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KidzMedz Cymru teaches children and young people how to safely swallow tablets in Wales-first initiative

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Children and young people across Cardiff and the Vale of Glamorgan are being taught how to safely swallow tablets and capsules so they can switch from liquid medication for pills in a Wales-first initiative.

KidzMedz Cymru is the first of its kind in Wales and is teaching patients over the age of five how to safely swallow tablets and capsules so they can switch from liquid medications or be prescribed pills as soon as they start treatment.

The programme launched at the Noah’s Ark Children’s Hospital for Wales in June 2023 after receiving a £9,500 grant from the Cardiff & Vale Health Charity Staff Lottery fund.

Over the next 12 months, it’s expected that 400 children and young people will learn how to safely swallow tablets and capsules and the use of prescribed liquid medicines in Cardiff and Vale University Health Board will be reduced by 40%.

After the initial 12-month trial period, it’s hoped that KidzMedz Cymru will be rolled-out across Wales.

Pills have numerous advantages over liquid medicine for patients, their carers and healthcare professionals, including:

  • For children and young people, pills are less sickly, contain less sugar and children who swallow pills tend to have better adherence to their medication regimes

  • For carers, pills have a longer shelf-life, do not require a fridge for storage, are easier to transport and more readily available in local pharmacies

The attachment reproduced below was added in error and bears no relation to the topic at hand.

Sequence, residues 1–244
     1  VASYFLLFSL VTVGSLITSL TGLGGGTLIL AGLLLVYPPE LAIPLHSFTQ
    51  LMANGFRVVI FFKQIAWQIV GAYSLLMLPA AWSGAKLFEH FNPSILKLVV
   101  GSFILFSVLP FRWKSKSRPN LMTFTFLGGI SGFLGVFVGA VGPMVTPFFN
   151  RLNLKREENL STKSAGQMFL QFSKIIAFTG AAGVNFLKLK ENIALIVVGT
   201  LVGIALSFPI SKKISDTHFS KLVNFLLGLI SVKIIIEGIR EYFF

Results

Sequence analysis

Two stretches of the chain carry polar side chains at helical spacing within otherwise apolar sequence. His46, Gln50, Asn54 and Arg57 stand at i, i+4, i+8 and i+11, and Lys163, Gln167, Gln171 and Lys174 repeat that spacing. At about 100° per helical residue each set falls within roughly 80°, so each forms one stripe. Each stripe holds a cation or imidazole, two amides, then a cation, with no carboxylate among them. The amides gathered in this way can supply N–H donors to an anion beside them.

• Prescribers are less prone to errors when writing prescriptions and can prescribe larger quantities

  • For pharmacists, pills are more commonly stocked in local pharmacies compared to liquids.

Bethan Davies, Lead Pharmacist at the Children’s Hospital for Wales, said: “KidzMedz Cymru is an initiative teaching children and young adults how to swallow tablets and capsules.

“We’ve had great success so far — particularly with one patient who received his medicines previously through a gastrostomy. By learning how to take tablets and capsules, we have been able to remove the gastrostomy and his quality of life is has improved greatly. His family have recently been able to take him on holiday for the first time.

“We hope to continue seeing great success from this project and are aiming to have 400 children learning to take tablets and capsules by the end of the year.”

Children and young people will be taught how to safely swallow pills using an evidence-based six step technique. They will start off by choosing a drink of their choice — either water or sugar-free fruit juice — and will gradually work through a series of different sized sweets.

Once they complete the programme and can safely and confidently swallow tablets or capsules, they will receive an education kit containing a pill packet, water bottle and certificate. Parents and carers will also receive an information leaflet.

The scheme was first developed at the Great North Children’s Hospital in Newcastle in 2020 and has won the NHS Sustainability Award, the HSJ Value Award for Pharmacy and Optimisation and the Bright Ideas in Health Award for Demonstrating an Impact upon Quality Improvement.

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